It seems that we adopt a formal ethical theory based on our pre-theoretical

It seems that we adopt a formal ethical theory based on our pre-theoretical

It seems that we adopt a formal ethical theory based on our pre-theoretical ethical intuitions. Our pre-theoretical ethical intuitions seem to be the product of our upbringing, our education and the society we live in and not to be entirely consistent, since our upbringing and our education often inculcate conflicting values. So how do we decide which of our pre-theoretical ethical intuitions, if any, are right? It seems that we can only judge them in the light of other pre-theoretical ethical intuitions and how can we know that they are right? If we judge them against a formal ethical system, it seems that the only way we have to decide whether a formal ethical theory, say, consequentialism, is right is whether it is consistent with our pre-theoretical ethical intuitions, so we are going nowhere, it seems.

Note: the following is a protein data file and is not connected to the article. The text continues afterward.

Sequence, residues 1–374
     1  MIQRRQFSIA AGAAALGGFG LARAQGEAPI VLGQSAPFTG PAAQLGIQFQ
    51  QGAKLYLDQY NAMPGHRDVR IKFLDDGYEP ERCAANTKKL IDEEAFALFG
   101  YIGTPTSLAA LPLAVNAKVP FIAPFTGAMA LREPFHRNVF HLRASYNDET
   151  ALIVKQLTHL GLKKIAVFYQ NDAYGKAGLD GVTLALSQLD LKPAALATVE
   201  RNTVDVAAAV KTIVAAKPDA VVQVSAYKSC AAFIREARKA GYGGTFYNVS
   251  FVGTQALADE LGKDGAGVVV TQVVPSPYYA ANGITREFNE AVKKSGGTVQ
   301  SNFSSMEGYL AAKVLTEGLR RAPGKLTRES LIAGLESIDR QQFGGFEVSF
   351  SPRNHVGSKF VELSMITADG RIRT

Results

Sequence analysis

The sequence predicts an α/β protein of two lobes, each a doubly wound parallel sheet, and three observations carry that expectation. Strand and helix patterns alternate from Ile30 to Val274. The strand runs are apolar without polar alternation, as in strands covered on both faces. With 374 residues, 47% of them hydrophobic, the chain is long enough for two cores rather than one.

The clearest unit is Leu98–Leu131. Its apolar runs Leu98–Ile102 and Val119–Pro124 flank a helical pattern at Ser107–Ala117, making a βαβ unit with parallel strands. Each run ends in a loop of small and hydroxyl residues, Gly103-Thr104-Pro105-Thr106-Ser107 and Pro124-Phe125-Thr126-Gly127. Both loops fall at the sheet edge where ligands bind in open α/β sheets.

Read another response by Michael Lacewing, Michael Shenefelt
Read another response about Ethics